Ever get angry about everything? Have you been walking around with a case of the grumps? Has that been affecting your appetite? Are you craving chips and pretzels and anything crunchy? Or maybe you’re gnawing down on Milk Duds, biting down on bones, pulverizing hard candies?

No matter what your food drug of choice is, it’s your body’s way of saying that you’re under pressure and you’re upset about something. No judging–just pay attention.

Basically, to your body, stress in your life shows up as your emotions going out of whack. It’s kind of like a short in a circuit. What’s actually happening in the moment is all the blood is rushing to your forebrain making it impossible for you to think straight. So you go on autopilot and do what you’ve done a million times before. If you’re an eater and you find comfort in eating, you’ll eat.

The Body/Mind Connection At Work

The thing is your body and your thoughts are really like two different sides of the same coin; what affects your mind, affects your body and vice versa.  When you find yourself getting upset and irritable and just plain ugly, then you want to take a look at what’s really behind that. Now let’s look at this in the context of your relationship with food.

What’s Your Food Saying About You?

The type of food that you crave during a binge will give you clues to let you know how you’re feeling. Sweet treats will make you feel good and lull you into a relaxed state. In fact they may drop your blood sugar so much, that you’ll find yourself falling asleep and needing to catch a few ZZZZZZ’s after a plunge in the chocolate bin.

Cravings for nuts and crunchy or chewy foods are often signs that you’re wanting to chomp down on something to make your feelings of anger go away. For many people who binge, communicating their feelings and feeling safe enough to be honest about them is a particularly difficult challenge.

A Binge Is a Temper Tantrum

In her book, “Binge Eating: How to Stop It Forever,” Psychotherapist, Gloria Arenson, MS, MFT, D.CEP says, a binge always has to do with feelings– usually resentment, frustration and rage. There are two kinds of temper tantrum binges; food anger and emotional anger.”

Food anger is the fallout from years of feeling deprived as a dieter or someone watching your weight. Have you ever been on a diet for a long time and when you ended it, you couldn’t seem to stop eating everything that wasn’t nailed down. You’re not alone, that’s a natural consequence of deprivation. There have even been studies on it, but that’s for another post.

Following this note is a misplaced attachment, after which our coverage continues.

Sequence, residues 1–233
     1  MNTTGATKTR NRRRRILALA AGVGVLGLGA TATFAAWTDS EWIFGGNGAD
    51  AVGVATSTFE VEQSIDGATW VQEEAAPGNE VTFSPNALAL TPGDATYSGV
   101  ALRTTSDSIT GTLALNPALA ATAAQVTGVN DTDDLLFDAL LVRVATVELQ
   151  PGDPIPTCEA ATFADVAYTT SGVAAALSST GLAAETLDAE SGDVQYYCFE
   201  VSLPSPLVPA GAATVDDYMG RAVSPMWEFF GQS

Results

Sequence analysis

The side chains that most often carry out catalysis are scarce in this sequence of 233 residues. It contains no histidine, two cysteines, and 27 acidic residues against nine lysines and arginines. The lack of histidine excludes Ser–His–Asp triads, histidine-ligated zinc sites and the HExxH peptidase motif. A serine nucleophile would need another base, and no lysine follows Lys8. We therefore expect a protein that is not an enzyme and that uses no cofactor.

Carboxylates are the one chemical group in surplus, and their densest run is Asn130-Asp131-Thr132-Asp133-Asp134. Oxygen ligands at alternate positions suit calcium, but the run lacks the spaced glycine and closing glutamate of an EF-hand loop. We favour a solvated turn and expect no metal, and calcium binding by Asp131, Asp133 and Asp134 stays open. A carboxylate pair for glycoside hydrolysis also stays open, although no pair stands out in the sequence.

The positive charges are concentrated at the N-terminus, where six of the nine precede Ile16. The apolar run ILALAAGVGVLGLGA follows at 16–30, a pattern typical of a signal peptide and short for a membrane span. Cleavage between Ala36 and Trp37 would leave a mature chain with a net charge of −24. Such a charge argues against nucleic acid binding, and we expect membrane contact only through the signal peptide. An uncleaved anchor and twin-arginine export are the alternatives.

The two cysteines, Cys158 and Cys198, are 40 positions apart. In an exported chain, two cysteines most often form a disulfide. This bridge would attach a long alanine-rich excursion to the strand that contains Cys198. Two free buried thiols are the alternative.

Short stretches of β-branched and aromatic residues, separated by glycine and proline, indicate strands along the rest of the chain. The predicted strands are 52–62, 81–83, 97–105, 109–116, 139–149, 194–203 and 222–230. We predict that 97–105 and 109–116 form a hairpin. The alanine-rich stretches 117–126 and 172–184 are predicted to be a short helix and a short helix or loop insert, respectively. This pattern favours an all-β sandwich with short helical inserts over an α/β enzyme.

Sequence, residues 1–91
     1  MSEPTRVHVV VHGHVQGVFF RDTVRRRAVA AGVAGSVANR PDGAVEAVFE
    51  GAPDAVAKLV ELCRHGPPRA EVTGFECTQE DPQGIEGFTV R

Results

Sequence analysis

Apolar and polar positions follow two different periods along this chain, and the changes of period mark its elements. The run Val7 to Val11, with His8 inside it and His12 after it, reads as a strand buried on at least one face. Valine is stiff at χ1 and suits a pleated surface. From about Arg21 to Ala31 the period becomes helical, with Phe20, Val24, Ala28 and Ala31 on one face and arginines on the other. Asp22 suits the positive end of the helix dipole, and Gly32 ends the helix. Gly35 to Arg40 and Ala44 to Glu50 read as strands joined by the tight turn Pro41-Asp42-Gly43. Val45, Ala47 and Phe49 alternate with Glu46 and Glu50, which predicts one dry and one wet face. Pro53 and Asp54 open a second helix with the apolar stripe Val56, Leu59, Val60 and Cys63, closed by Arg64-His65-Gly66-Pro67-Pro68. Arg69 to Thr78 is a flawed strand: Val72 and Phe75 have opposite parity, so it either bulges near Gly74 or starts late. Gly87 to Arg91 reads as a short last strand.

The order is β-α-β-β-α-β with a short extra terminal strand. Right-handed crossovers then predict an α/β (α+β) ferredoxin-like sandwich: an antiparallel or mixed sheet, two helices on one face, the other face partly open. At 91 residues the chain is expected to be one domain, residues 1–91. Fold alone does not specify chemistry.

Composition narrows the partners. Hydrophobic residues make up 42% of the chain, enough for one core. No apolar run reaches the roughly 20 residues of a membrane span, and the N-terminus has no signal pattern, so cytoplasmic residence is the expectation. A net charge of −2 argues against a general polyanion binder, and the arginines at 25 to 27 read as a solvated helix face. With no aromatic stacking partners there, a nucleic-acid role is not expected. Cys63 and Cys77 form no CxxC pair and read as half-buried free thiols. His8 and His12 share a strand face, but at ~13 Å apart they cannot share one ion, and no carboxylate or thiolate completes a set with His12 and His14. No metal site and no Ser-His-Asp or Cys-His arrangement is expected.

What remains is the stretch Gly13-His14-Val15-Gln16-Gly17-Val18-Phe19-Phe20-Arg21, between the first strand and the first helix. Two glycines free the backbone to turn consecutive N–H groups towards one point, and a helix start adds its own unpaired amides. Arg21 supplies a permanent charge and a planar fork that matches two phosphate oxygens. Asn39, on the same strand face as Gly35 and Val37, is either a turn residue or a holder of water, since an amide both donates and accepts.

Back to thinking about your binges as tantrums. Have you ever waited so long to eat during the day that when you got home, instead of having a regular dinner, your meal turned into an all night bingefest? Waiting too long to eat will trigger a binge. That’s another form of food anger.

During the years when I was a dieter, I used to be terrified of eating in public, always assuming that I was being judged for what I ate. I would fill up on water or iced tea and pick delicately at a salad or politely finish a bowl of soup, spoon by spoon. I used to do this fake out eating because I was terrified of people seeing me eat. Then once I got home for the rest of the day and night, I would ravage my fridge and cabinets in search of anything to stuff down.

Then just at the stroke of 12, I stopped eating everything, and went to bed. The next day I was the first person to enter the Weight Watchers center to be weighed, preparing to atone for my fat sins. That was my ritual when I was trying to be good on a diet.

When I wasn’t in that space of mind, I went the “what the hell” direction and disappeared from my meetings and weigh ins for months at a time.

It’s that all or nothing thinking that is your worst enemy. Deprivation leads to binging and the guilt and shame that comes as a doggie bag with that overeating wears down your self-esteem.

The second type of temper tantrum binge relates to your emotions. If you’re a binge eater, I’m going to guess and say that you’re probably a really nice person who is very likeable and friendly. As Gloria Arenson says, binge eaters are usually nice people, nonassertive and accomodating.” A binge is a way to “swallow” anger. Take it from me, you can stuff down anger so long that you leave yourself numb and unable to feel. That’s what makes it possible to smile when your heart is aching.

But you can’t fool your body. It talks in its own language. As I mentioned recently on my Blogtalkradio show,  “Lovin’ the Skin You’re In” the way that you feel about your body is the way that you feel about your life.

If you want to stop being overcome by your binges, and feel more comfortable in your own skin, you have to begin to understand that your binges are your body’s way of crying out for help. Let me help you to decode your FAT chat and save you from falling down the rabbithole.

Want to know more? I invite you to listen to the recording of my “Lovin’ the Skin You’re In” radio show. Check out the episode entitled: Body Bashing: What’s Really Behind Your FAT ‘n Uglies?